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XP the OS that just wont die, personally i would have left the flaw in XP unpatched.
It's not like people who still want to use XP couldn't use another browser, or shock horror actually upgrade.
Might seem like the obvious answer is to stop patching XP, but it's not that simple unfortunately. Microsoft have got numerous major organisations (various national governments, the NHS etc) paying them to keep XP patched because those organisations are too big to change. So Microsoft have got to produce the patches for their paying customers anyway, and then what are they going to do? NOT give them to anyone else?? They'd never get away with that!
XP the OS that just wont die, personally i would have left the flaw in XP unpatched.
… in that case I'm glad you're not in charge then! Apart from anything else, as the article says that there's still 26% of folk using it - do we really want to give the scummy blackhats that large a target to aim for? Don't forget that - as I was reminded recently - a pwned system can still be used for DDoS and spamming attacks on systems that don't have the flaw. Perhaps the old cliché about standing together or hanging separately applies?
It's not like people who still want to use XP couldn't use another browser, or shock horror actually upgrade.
Actually I thought the same - apart from anything else I find using IE to be a poor experience compared to Chrome or Firefox. However I've come across some discussion that the “broken” bit is one of those components that the OS can also use, so just avoiding IE use (easy) isn't necessarily a guaranteed fix. If this is true it kind of rams home why bolting your web browser deep into the OS is a bad idea.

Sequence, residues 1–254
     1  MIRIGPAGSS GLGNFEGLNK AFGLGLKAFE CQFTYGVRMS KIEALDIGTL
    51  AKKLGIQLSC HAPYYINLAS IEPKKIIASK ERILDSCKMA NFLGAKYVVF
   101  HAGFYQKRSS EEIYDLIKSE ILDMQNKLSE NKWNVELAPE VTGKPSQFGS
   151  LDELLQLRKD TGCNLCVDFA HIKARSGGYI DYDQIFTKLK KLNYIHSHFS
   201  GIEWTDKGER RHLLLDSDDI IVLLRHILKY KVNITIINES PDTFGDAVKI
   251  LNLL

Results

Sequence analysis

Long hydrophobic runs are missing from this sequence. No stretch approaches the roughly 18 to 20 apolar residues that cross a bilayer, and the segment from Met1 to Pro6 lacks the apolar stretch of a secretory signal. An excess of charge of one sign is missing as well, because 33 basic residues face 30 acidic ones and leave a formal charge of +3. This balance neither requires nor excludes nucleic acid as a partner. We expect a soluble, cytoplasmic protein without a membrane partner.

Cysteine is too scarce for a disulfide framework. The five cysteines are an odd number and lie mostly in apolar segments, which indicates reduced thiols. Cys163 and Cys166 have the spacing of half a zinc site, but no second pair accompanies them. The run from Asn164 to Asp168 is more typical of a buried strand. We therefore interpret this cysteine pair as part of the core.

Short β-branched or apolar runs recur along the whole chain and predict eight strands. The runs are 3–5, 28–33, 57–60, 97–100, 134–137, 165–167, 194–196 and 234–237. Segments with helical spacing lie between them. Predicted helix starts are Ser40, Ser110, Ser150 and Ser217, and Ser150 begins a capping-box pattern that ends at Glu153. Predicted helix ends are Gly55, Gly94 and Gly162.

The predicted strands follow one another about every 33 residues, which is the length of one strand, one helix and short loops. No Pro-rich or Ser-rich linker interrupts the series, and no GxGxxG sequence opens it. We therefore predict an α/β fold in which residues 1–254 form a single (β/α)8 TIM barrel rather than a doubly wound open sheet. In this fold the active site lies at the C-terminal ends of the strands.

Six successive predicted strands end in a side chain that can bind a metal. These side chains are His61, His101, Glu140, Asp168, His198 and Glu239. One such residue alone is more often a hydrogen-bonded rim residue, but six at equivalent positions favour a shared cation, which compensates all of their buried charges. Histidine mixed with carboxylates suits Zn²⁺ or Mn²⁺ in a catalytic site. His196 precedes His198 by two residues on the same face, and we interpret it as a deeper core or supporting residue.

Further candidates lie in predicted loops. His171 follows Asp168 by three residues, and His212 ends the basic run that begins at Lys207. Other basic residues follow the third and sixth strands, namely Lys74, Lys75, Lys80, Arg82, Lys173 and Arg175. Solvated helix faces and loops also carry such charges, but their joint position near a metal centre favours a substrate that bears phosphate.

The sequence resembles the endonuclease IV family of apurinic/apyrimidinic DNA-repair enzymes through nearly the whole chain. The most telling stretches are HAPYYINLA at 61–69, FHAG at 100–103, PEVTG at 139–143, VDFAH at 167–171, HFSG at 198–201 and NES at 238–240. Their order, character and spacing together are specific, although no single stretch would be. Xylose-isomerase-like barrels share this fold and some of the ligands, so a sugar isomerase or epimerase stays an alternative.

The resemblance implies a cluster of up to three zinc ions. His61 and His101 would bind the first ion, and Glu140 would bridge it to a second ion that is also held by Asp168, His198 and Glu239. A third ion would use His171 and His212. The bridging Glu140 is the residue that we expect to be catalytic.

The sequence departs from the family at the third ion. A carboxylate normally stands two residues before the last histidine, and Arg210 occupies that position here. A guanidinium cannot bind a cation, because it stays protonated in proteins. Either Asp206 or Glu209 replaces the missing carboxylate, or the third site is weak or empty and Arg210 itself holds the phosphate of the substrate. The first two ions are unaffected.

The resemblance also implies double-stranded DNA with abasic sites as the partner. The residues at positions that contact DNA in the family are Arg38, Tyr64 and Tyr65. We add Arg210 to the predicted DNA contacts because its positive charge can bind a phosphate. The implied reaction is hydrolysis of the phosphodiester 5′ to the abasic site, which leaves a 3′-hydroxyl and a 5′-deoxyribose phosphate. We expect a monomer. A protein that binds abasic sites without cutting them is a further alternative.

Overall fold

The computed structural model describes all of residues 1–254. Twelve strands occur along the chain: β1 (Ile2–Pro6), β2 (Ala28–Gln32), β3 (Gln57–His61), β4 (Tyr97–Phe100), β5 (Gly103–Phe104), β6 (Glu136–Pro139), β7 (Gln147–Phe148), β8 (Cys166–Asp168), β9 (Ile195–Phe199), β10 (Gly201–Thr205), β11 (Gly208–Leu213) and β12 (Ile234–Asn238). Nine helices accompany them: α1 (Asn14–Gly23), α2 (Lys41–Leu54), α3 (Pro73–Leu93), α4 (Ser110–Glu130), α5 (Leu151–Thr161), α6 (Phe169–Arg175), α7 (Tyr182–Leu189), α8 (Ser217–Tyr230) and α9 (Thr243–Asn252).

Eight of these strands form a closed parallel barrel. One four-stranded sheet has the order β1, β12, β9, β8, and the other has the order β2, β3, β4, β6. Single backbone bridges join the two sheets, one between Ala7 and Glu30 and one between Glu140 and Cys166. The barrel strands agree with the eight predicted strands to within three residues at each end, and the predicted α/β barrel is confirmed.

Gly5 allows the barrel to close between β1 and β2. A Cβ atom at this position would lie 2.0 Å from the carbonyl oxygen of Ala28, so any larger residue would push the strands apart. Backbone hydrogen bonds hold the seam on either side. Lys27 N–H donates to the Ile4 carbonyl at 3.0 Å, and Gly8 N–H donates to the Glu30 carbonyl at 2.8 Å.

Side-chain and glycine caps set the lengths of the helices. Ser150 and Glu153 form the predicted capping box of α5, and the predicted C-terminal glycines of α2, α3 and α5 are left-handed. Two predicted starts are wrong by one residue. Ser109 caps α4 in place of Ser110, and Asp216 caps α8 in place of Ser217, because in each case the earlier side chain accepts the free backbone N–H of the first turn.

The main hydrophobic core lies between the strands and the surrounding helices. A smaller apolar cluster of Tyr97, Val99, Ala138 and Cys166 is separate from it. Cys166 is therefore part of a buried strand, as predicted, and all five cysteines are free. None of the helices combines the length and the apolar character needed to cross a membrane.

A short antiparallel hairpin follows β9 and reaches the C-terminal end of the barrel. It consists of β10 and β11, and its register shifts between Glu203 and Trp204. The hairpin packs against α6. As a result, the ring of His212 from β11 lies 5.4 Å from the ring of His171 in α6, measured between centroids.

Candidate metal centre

I've got XP for a test virtual machine - mainly because I had a spare license and Windows 7 was more resource intensive plus the licensing terms weren't as “compatible”. So I'll be firing that VM up shortly to see if I can get the fix.

I'll leave it to Saracen to explain why some people don't want to be bullied into upgrades, especially if that “upgrade” is to Windows 8.
It isn't really bullying…..it's a completely justified business practice. Microsoft already support their products way beyond the point the most others do.

I'll leave it to Saracen to explain why some people don't want to be bullied into upgrades, especially if that “upgrade” is to Windows 8.